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28 November 2021 (closed)
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Nearly one year after US President Donald Trump confirmed the US would recognize Jerusalem as the capital of Israel and move its embassy from Tel Aviv to Jerusalem, Australian Prime Minister Scott Morrison followed suit by suggesting that Australia plans to make the same risky move. Morrison said Australia is considering to recognize Jerusalem as the capital of Israel and to move its embassy to the holy city.
Morrison's comments prompted concern and criticism, especially from Arab countries and other countries with big Muslim populations, including Indonesia. Various ambassadors said Australia's plans could disturb the peace process, while they also warned that relations between Australia and Arab countries (or Islamic countries) could be negatively affected by the move.
A total of 13 ambassadors held a meeting in Canberra on Tuesday (16/10) where they agreed to send a letter to the Australian foreign minister to express their worries and concern about Morrison's statement.
Penny Wong, Opposition in Australia's Senate, said the "Jerusalem announcement is a desperate attempt to win the by-election for Dave Sharma." Sharma is candidate for Morrison's conservative Liberal Party in the federal by-election in Wentworth that is scheduled for 20 October 2018. If Sharma is not elected, then the government will lose its single-seat majority in the House of Representatives.
Indonesian Foreign Minister Retno Marsudi said Indonesia strongly opposes the move. After meeting visiting Palestinian Foreign Minister Riyad al-Maliki, Marsudi was quoted saying "Indonesia encourages Australia and other nations to continue to support the peace process and not conduct any actions that could undermine the peace process and global security."
Morrison's latest Jerusalem comments could also mean that the Indonesia-Australia Comprehensive Economic Partnership Agreement (IA-CEPA) will not be concluded anytime soon. In July 2018 we reported that IA-CEPA negotiations entered the final stage although there remained several crucial issues that still need to be agreed upon by both sides. After Morrison visited Indonesia in late August/early September 2018 it was speculated that a deal would be made soon as both sides were positive about the meetings and called it a win-win situation. Morrison's visit to Jakarta came only one week after being sworn in as Australian prime minister (replacing Malcolm Turnbull), thus indicating that the deal is important to the Australian government.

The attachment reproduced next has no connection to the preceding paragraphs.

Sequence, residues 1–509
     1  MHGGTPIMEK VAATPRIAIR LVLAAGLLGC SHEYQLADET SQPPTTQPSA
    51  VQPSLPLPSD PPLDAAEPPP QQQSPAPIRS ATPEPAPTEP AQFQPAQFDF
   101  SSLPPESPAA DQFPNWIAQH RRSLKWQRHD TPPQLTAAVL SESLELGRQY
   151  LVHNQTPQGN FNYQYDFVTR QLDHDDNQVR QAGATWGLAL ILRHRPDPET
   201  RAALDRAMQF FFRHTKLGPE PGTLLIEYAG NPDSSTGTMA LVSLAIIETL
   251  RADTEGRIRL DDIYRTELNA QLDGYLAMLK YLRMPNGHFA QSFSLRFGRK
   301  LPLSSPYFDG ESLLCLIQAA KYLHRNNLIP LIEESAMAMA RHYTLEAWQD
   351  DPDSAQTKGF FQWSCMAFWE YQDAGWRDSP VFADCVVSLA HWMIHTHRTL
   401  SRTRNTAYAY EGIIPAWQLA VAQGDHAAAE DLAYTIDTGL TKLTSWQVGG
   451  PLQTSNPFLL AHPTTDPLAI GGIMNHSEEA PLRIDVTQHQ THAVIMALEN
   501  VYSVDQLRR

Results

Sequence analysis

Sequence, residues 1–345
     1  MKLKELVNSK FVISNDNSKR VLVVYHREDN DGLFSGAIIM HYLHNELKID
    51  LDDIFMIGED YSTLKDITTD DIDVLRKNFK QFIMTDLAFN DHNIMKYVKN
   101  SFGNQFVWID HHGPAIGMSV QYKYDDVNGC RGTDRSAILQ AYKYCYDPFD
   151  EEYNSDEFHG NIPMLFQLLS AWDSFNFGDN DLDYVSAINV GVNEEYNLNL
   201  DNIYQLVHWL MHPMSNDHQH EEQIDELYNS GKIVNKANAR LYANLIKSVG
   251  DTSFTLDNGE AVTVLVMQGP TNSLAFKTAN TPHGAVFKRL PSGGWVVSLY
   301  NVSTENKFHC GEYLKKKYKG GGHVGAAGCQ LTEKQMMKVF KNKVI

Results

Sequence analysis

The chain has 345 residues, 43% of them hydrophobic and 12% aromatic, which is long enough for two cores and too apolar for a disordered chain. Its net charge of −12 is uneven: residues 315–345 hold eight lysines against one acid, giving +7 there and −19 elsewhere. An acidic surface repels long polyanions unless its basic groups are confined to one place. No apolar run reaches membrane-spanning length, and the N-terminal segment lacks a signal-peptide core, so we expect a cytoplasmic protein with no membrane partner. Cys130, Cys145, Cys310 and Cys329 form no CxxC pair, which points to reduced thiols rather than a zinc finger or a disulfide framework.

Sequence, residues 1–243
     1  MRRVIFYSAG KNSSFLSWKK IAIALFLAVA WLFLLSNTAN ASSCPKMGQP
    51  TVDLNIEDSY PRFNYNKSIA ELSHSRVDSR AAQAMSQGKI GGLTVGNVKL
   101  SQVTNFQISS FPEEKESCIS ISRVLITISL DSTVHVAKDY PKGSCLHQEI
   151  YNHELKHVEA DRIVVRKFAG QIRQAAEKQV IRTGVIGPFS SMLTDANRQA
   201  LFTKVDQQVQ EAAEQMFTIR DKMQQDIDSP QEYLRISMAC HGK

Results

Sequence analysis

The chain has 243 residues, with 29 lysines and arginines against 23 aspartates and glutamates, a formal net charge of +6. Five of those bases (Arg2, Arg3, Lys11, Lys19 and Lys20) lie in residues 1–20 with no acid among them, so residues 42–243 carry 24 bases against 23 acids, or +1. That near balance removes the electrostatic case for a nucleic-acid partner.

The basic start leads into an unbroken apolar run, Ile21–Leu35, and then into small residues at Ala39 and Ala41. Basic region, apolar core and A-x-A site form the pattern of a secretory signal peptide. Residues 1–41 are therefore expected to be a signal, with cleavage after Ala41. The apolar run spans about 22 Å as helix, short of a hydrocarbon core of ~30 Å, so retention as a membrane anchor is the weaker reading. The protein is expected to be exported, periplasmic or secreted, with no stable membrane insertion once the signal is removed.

Recent Diplomatic Tensions Australia-Indonesia
• The "2013 spying scandal" occurred in 2013 when allegations were made that the Australian Signals Directorate, which is an intelligence agency in the Australian Government Department of Defense, attempted to monitor activity on the mobile phones of then-President Susilo Bambang Yudhoyono, his wife and several senior government officials.
• Another major diplomatic fallout occurred when - despite Australia's pleas for clemency - Indonesia executed two Australian citizens (members of the so-called "Bali Nine" drug trafficking ring) in May 2015.
• In mid-2015 Australian live cattle exporters objected strongly when Indonesia imposed barriers on cattle imports from Australia, slashing total cattle imports by 80 percent. The Indonesian government made this move in a bid to enhance self-sufficiency in beef. However, the decision actually led to soaring local beef prices and good gains for the so-called "beef mafia" (which refers to certain groups that deliberately hold on to the beef supply in order to let prices raise before selling beef).
• In early 2016 Indonesian officials said Australia is not doing enough to help refugees in the Asia-Pacific region.
• In October 2018 Australian PM Scott Morrison said the Australian government considers to recognize Jerusalem as the capital of Israel and to move its embassy to the holy city.